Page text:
Editorial

Editorial: Rail depots can reduce Long Island traffic

Brookhaven Railroad Terminal in Yaphank, which opened in

Brookhaven Railroad Terminal in Yaphank, which opened in September 2011, has two diesel trains, and one railcar alone can carry four truckloads’ worth of freight. (June 22, 2012) (Credit: Joseph D. Sullivan)

One percent. That's how much of the total goods and services now delivered to Long Island arrive here by freight train.

The other 99 percent? Except for what's made or grown on the Island, pretty much all the common items we need to run our lives get here by truck.

Those trucks beat up our roads and bridges, spew diesel fumes, make driving more hazardous and add to our maddening, perpetual traffic jam. As the bridges deteriorate, forcing reductions in each vehicle's maximum allowable weight, larger numbers of trucks with smaller loads will make trucking even more costly and untenable.


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Then there's the big What-If. Suppose there were a structural failure on one of the bridges connecting us to the mainland, such as the Whitestone or the Throgs Neck -- or, worse, the George Washington, which leads to both. How would the stuff of our lives reach us?

The long-term answer is trains. Wider use of rail freight would diversify our options, lower costs and increase our security. We clearly need to use it more.

One obstacle to that wider use has been the lack of rail-truck intermodal facilities on the Island. They provide a place for freight trains to arrive and off-load their products onto smaller, less road-busting trucks designed for a short haul, compared with the huge trucks that now rumble on the Expressway.

The good news is that a privately funded intermodal, the Brookhaven Rail Terminal in Yaphank, is flourishing. It opened last year, primarily to bring in crushed stone for construction. Though the economy has slowed construction, that's still the terminal's primary product. But it has begun to branch out, with flour for Wenner Bread of Bayport, and biodiesel -- an alternative fuel made from soybean oil, animal fats and other renewable sources.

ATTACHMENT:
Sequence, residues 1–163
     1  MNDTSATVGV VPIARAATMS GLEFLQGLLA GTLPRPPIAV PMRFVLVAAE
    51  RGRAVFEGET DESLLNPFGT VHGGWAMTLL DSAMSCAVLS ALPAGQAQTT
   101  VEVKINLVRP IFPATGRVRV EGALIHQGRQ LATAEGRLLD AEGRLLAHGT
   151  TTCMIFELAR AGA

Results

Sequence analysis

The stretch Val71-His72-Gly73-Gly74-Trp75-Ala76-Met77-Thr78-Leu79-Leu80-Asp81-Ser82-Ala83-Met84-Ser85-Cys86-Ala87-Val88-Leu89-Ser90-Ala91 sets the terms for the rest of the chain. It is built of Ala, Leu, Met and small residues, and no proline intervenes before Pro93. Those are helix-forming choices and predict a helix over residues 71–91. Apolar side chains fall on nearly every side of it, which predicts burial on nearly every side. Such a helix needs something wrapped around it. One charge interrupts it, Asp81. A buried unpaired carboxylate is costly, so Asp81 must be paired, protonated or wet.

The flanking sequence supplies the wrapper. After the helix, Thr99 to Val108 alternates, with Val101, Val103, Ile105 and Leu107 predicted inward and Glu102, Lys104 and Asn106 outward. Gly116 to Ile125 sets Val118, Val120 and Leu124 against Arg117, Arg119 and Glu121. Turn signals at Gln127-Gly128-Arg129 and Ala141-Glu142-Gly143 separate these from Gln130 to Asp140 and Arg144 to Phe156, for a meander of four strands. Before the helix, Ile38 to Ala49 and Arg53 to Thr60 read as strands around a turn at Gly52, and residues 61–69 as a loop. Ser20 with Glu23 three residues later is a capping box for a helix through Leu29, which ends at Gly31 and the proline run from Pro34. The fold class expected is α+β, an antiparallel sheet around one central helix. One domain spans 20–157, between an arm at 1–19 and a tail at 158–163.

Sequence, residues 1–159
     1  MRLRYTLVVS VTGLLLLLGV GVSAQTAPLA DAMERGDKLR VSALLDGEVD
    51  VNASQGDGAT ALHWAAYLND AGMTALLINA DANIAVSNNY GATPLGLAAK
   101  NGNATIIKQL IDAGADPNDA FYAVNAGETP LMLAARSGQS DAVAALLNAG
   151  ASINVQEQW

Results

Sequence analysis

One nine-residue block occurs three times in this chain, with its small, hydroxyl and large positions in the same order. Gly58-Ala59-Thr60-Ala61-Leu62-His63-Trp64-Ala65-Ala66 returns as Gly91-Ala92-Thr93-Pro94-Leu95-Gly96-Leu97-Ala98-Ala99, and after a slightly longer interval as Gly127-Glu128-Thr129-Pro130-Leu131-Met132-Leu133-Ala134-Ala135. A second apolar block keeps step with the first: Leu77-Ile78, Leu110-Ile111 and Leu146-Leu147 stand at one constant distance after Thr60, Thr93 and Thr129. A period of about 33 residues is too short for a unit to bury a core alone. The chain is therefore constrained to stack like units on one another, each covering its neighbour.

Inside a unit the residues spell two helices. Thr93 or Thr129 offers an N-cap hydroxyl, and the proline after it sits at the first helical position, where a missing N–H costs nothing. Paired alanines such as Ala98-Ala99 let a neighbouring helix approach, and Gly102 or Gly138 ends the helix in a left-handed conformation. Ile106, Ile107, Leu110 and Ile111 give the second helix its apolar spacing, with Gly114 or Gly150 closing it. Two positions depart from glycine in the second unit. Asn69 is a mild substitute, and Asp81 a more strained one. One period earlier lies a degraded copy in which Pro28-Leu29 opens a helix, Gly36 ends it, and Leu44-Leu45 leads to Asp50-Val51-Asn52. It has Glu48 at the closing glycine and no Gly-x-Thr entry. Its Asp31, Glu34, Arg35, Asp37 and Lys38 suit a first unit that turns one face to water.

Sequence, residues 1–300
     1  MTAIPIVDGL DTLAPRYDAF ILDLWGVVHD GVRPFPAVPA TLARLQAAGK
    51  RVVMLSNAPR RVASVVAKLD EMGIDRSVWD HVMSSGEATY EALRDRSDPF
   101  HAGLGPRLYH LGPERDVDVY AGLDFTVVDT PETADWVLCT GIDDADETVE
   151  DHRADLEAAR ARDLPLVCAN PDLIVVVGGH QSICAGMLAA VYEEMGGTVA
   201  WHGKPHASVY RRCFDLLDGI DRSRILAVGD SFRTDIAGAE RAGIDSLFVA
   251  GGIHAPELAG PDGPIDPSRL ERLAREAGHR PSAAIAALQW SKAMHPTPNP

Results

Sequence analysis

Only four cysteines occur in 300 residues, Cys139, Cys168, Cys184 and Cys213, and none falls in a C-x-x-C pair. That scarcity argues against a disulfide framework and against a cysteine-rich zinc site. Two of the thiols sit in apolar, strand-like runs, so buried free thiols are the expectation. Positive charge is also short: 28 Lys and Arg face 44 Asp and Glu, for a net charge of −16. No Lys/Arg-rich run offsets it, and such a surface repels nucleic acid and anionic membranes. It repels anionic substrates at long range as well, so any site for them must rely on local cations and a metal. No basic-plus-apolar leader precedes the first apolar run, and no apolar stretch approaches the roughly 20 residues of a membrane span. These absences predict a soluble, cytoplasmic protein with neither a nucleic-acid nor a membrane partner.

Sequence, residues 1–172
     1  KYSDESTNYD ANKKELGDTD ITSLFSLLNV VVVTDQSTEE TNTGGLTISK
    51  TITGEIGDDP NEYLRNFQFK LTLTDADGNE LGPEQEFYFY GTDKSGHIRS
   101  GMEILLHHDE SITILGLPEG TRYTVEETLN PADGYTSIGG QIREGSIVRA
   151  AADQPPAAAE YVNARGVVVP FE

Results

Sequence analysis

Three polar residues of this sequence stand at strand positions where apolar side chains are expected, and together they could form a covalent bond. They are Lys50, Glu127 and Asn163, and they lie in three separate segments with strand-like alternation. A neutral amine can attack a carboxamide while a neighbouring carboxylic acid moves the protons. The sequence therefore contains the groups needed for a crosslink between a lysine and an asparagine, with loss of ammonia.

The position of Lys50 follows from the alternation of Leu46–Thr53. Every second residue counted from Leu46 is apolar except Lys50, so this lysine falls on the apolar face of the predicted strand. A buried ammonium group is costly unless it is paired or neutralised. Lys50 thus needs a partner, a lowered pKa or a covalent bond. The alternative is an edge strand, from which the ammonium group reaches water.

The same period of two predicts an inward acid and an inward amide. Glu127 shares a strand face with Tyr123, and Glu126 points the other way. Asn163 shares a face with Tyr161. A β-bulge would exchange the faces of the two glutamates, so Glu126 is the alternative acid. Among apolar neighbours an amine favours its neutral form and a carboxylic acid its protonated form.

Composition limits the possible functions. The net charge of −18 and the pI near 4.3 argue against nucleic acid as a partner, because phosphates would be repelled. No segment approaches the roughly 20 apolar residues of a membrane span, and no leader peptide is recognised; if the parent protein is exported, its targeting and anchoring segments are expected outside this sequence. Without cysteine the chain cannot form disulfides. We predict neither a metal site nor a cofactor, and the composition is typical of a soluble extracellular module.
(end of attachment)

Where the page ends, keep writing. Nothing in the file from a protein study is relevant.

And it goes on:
Recently, Ultra Green Energy Services had a ceremonial grand opening to showcase its operation at the terminal: bringing in biodiesel on freight trains, and providing a pumping facility where local heating-oil dealers can pick it up by truck and blend it later with standard heating oil. The name for that mix, which burns cleaner than heating oil alone, is Bioheat. Starting Oct. 1, the City of New York will require all heating oil to contain at least 2 percent biodiesel, and Ultra Green will play a role in meeting that demand, as well as supplying the Island.

As successful as the terminal has been, it can do more. On 92 additional acres that it already owns, the operators hope to build a cold storage warehouse. It would store Island products for rail shipment west, such as produce and turf grass. The long-term key to prosperity for intermodals is to ship products both east and west. Though the operators have pledged not to ship garbage west, the only way they'll overcome fears of residents near the tracks is to fill the trains with other products. They've applied for state funding in the second round of awards by Gov. Andrew M. Cuomo's regional economic development council. It would be a good investment by the state.

This facility alone is not enough. A limited one gearing up in Calverton won't be enough either. A major facility at the former Pilgrim Psychiatric Center, long thought to be dead in the wake of community opposition, may not be quite dead yet. If it can be revived, in a way that doesn't overburden the community, that would be ideal.

There's plenty of capacity for further rail freight. The Long Island Rail Road's priority is -- and should be -- commuters, but it has off-peak slots available for the New York & Atlantic Railway to use its tracks. The capacity is underused, but the LIRR is willing to expand it. There are some obstacles, such as the low height of LIRR bridges, preventing the use of double-decker trains, but that shouldn't prevent us from pushing to expand rail freight as much as possible.

This much is certain: Only rail -- and a deepwater port -- can reduce our unhealthy dependence on trucks.

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